· Finally, even though the recent study did not prove that added sugar causes increased death from heart disease, there is another link between sugar and heart disease. Excess sugar in the diet also increases the level of triglycerides in the blood, and high triglycerides may increase heart disease risk.
7 Ways to Slash Added Sugars
1) Switch regular soda to diet soda—or better yet, water or seltzer (if you want bubbles). Wean yourself from sugary foods and beverages—your taste buds will get used to it!
2) Bake your own treats. Chances are, if you have to make your own cookies, cakes, pastries and granola bars, you’ll eat substantially less of them. Plus, at home you control how much and which sweeteners you use. Check out these easy ways to swap fruit for some of the sugar when baking.
3) Find a lower-sugar breakfast cereal (Guiding Stars shelf tags can help you choose a healthful cereal—shoot for 2- and 3-star cereals), then add only as much sugar as you “need. ” In many cases you will add far less than the amount used in sugary cereal varieties because the sugar is on top of the cereal, and therefore can have a bigger taste impact.
4) Forget about swapping one sugar for another (such as honey for granulated sugar)—it’s all sugar. Instead, bump-up perceived sweetness with spices and extracts that are typically associated with sweet foods: cinnamon sprinkled onto coffee grounds before brewing (or choosing a flavored coffee such as vanilla or hazelnut), a dash of pumpkin pie spice over yogurt or vanilla, almond, lemon or orange extract in your morning smoothie are easy ideas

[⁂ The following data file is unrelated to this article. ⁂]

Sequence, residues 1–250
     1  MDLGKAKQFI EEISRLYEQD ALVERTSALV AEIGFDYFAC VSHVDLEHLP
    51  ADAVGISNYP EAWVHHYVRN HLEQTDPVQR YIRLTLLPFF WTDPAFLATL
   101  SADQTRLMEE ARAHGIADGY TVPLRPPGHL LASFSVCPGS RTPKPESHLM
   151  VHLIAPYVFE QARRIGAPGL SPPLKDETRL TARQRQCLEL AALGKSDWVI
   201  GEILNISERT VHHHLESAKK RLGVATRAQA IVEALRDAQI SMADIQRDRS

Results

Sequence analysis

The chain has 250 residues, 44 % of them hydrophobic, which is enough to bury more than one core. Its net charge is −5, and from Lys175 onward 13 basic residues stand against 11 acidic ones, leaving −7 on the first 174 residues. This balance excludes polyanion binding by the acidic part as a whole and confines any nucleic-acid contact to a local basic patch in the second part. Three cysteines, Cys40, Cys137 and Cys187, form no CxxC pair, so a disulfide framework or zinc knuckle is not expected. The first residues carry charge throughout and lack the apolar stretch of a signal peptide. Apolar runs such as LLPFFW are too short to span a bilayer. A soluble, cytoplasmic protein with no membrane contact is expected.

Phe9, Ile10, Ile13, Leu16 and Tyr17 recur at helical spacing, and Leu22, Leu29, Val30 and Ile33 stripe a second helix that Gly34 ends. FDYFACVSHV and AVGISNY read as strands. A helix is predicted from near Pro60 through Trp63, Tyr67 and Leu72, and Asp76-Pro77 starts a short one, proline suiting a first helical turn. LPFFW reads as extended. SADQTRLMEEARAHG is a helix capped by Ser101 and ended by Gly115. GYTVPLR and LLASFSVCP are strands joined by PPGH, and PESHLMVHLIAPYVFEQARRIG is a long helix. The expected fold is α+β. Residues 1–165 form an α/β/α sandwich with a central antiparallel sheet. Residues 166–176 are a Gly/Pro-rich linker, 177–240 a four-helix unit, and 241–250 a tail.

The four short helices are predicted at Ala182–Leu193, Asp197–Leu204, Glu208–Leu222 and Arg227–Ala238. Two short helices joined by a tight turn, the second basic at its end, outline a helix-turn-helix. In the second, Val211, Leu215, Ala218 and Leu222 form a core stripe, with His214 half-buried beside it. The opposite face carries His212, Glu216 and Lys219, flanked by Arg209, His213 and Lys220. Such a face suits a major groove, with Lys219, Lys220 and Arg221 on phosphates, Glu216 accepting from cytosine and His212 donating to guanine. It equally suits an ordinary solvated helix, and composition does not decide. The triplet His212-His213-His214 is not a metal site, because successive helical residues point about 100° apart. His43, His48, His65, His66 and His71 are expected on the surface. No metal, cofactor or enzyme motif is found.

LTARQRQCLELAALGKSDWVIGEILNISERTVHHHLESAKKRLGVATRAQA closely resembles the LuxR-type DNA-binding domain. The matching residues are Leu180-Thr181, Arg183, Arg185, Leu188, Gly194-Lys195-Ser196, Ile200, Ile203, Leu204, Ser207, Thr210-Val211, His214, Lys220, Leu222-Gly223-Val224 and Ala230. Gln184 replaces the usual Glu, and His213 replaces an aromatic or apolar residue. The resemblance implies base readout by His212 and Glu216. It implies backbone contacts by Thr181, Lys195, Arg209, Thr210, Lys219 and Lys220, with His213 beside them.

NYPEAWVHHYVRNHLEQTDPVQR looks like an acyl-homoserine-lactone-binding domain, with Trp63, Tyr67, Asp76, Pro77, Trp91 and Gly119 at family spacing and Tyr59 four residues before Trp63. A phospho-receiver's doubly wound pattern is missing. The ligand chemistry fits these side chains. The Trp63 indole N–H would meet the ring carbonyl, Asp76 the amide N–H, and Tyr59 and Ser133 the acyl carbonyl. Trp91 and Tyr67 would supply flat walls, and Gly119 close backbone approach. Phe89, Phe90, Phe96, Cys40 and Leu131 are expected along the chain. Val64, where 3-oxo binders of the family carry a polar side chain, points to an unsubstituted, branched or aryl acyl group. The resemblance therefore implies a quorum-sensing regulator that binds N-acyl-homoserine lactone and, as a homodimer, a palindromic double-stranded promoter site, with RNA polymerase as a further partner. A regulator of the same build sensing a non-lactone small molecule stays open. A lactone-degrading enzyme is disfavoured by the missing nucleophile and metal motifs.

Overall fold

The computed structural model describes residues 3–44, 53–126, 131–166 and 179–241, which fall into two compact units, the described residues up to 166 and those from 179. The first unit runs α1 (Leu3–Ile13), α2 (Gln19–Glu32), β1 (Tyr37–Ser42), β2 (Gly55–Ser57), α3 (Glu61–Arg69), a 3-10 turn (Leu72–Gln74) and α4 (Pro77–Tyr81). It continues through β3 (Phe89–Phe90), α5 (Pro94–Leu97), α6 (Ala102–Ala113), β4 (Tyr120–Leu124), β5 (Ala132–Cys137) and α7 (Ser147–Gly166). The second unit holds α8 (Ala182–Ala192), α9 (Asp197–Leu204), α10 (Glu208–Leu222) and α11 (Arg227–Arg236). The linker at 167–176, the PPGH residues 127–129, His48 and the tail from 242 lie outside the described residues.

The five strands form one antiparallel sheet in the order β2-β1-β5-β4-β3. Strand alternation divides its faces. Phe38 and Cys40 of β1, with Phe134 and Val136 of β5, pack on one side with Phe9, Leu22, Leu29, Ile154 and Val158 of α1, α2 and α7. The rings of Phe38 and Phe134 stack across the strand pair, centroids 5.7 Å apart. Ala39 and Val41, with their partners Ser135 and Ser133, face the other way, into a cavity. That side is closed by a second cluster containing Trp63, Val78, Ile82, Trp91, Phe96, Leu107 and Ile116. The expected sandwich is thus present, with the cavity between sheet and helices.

5) If you “must” use chocolate chips in a recipe, choose the mini chips (or finely chop regular sized chocolate chips) and decrease the amount called for by 1/3 to ½. You’ll still get plenty of chips—and therefore plenty of chocolaty taste, so stretch them out!
6) Sweeten fruit with a dash of balsamic vinegar. If your fruit isn’t quite ripe, skip the sprinkle of sugar and use a dash of balsamic vinegar instead. Tossed in a bit of this sweet-tasting vinegar, the fruit’s sweetness is enhanced (be aware that it will darken the color of the fruit a little unless you are using white balsamic). This works well with lots of different fruits, though strawberries with balsamic are a favorite.
7) Experiment with alternative sweeteners such as stevia or monk fruit sweetener (Nectresse is one brand, though several are available). Some of these can be used in cooking and baking; others don’t work in recipes but are fine in coffee, tea, plain yogurt, etc.
Kit Broihier, MS, RD, LD is a member of the Guiding Stars Scientific Advisory Panel. As part of the panel, she works collaboratively on reviewing the latest nutrition guidelines and scientific research as it relates to the Guiding Stars algorithm. The Guiding Stars program is an at-a-glance nutrition guidance program that rates the nutritional quality of food using information from the Nutrition Facts Panel and the ingredients list. Foods are rated and receive a score of 0, 1, 2 or 3 stars. The more nutritional value a food has, the more Guiding Stars it receives. If a food doesn’t receive a star, it means it doesn’t meet the rigorous criteria.